Giousmpasoglou, Charalampos and Stavrakis, Dimitrios (2011) National Culture and Management: the Greek luxury hotel GMs’ case. In: The 2011 Athens Tourism Symposium, an International Scientific Congress on Current Trends in Tourism Management and Tourism Policy, 2-3 February, Athens.
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This paper explores the interplay between managerial work and national culture. More specifically it investigates General Managers’ (GMs) work in Greek luxury (4 and 5*) hotels from a contextual perspective, focused in national culture.
The wider context of the discussion in this paper revolves around the ‘global-local’ question from an international hospitality industry perspective. During the second half of the twentieth century, the idea for the creation of a truly global management cohort found warm support from north American multinational companies who experienced a rapid pace of internationalisation in the past four decades. Hospitality and tourism were among the first internationalised industries in the aftermath of World War Two (Nickson, 1998; Nickson and Warhust, 2001). The dominant Anglo-Saxon view for universal management practices through the employment of ‘best practices’ in international hotel operators, has been challenged since the advent of cross-cultural management and international human resources management (IHRM) theorists in the early 1980s. Those theorists believe that it is difficult to imagine that a single practice or set of practices would emerge as ‘best’ in any sense of the word, particularly in globalised organisations (Thomas, 2008). Thus, the dynamic and complex nature of the management function in global hospitality business today and the realisation that what works effectively in one country may not be as efficient in another, has led management scholars and practicing managers in continuous efforts to enhance their understanding of this context and its effects on international (hotel) managers.
This paper focuses in the Greek context since the country is among the most popular tourist destinations in the world. Today the hospitality and tourism sector in Greece contributes approximately 15 % of the National Gross Domestic Product (G.D.P.) ranking third in the E.U. after Spain (18.38 %) and Portugal (15.40 %) according to the W.T.T.C. (2010). The hospitality and tourism sector occupies in total eight hundred eight thousand employees, 18% of the country’s entire labour force (SETE, 2003). The authors of this paper argue that managerial work in Greek luxury hotels cannot be unaffected from the strong national context, despite the great pressures for standardisation and homogenisation with the international hospitality industry standards. The existing literature indicates that the Greek context influences managerial work to a certain degree (Bourantas and Papadakis,1996; Makridakis et al. 1997; Papalexandris and Nikandrou, 2000). The high rates of “in-group-collectivism” (Hofstede, 1980/1991; Tromernaars, 1993; Javidan and House, 2001), the values of ‘filotimo’ (Triandis et al. 1968; Broome, 1996), Trust (Fukuyama, 1995) and Humanism (Lessem and Neubauer, 1994; Hampden-Turner and Trompernaars, 1994) are characteristics that differentiate Greek GMs’ behaviour comparing to the so called ‘western’ management style in international hotels. This context also influences the way GMs perform their roles (Mintzberg, 1973 / 1994) and the competencies framework (Dulewicz and Herbert, 1991/1999) required to perform these roles.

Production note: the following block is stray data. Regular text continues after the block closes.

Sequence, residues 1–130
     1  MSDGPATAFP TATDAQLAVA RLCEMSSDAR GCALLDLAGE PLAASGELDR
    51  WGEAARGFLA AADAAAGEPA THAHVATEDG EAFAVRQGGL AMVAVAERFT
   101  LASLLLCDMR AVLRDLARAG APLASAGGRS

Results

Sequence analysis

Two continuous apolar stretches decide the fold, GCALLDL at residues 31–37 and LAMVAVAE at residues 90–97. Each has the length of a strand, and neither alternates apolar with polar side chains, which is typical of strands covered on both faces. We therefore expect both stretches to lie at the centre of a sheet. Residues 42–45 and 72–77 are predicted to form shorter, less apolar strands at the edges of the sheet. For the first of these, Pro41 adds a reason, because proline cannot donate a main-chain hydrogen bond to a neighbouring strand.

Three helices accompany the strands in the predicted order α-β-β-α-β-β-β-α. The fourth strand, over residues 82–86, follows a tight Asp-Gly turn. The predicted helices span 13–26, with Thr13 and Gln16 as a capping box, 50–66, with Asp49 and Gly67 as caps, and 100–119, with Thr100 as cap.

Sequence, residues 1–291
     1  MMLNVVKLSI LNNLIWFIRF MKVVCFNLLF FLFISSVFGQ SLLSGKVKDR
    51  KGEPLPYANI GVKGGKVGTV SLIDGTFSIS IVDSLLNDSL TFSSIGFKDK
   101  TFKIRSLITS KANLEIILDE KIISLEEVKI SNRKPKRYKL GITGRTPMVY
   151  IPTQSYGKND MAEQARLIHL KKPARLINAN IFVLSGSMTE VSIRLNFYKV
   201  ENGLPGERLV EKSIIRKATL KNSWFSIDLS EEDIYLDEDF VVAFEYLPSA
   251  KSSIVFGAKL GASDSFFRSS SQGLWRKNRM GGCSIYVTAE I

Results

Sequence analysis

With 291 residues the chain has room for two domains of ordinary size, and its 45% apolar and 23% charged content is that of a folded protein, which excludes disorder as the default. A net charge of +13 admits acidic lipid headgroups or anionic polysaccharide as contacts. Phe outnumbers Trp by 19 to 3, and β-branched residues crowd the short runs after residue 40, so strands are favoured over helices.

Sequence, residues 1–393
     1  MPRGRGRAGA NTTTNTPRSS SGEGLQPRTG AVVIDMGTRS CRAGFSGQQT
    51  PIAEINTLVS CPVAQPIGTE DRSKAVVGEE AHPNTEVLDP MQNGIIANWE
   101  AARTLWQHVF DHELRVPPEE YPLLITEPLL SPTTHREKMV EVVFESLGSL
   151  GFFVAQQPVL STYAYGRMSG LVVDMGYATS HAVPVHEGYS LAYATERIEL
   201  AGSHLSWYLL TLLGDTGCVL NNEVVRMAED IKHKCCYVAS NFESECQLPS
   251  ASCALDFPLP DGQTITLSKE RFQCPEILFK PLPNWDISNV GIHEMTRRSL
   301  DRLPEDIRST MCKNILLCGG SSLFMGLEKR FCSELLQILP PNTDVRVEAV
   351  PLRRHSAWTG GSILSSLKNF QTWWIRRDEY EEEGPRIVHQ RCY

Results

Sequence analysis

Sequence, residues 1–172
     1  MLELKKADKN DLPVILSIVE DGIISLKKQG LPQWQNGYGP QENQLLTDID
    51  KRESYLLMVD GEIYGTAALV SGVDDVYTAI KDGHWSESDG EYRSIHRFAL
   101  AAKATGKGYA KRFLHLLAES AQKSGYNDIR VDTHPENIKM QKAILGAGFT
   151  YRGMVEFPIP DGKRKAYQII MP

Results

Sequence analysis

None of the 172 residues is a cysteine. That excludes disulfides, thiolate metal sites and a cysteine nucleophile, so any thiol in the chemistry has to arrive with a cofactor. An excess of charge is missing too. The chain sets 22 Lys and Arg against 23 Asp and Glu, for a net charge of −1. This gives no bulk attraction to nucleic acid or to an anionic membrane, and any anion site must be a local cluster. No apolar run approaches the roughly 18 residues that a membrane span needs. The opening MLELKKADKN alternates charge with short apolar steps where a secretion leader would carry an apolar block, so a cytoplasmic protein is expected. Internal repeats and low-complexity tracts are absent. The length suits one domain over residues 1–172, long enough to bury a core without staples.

A qualitative research was conducted in 16 luxury (4 & 5*) city and resort hotels in four popular destinations: Athens, Thessaloniki, Crete and Rhodes. In total 32 GMs and their assistants participated in this country case study. The research tool included in-depth semi-structured interviews, the employment of a Personal Competencies Framework (PCF) questionnaire, non participant observations and collection of company documents related to managerial work. All data were triangulated in order to enhance the validity and reliability of this study.
This research’s findings indicated that the ‘base requirements’ of managerial work in Greek luxury hotels appear to be similar and compatible with the international industry standards. What actually changes is the level of formality exercised in managerial and HRM practices. A key theme that emerges from this study is the critical role of the hotel’s ownership status. Thus, local companies (family and local chain hotels) employ a great number of managerial and HRM practices that incorporate a high level of informality, meaning the absence of written rules and procedures. On the other hand, Greek national chains and MNCs demonstrate a high level of formality, regulated by written policies and rules. The Greek context influences the hotel managers’ conceptions of work roles and competencies to a great extent in family and local hotel chains, and to a moderate extent to Greek national chains. A handful (less than ten in Greece) of managed MNC hotel chains do not seem to be influenced by the Greek context; on the other hand franchised MNCs are managed in the same manner as national Greek hotel chains. Overall, the influence of the Greek context was evident to a certain degree, in all Greek owned hotels. Based on the research findings, three distinctive profiles of luxury hotel GMs where identified: the ‘native’ GM; the ‘Glocal’ GM; and the ‘Greek Global’ GM. As a concluding point it can be argued that both divergence and convergence contextual forces coexist and shape the GMs’ work in Greek luxury hotels. Further research is needed to fully understand and appreciate the effects of those forces in GMs’ work.
|Item Type:||Conference or Workshop Item (Paper)|
|Subjects:||Hospitality and tourism|
|Depositing User:||Babis Giousmpasoglou|
|Date Deposited:||31 Jan 2016 17:12|
|Last Modified:||28 Feb 2016 13:34|
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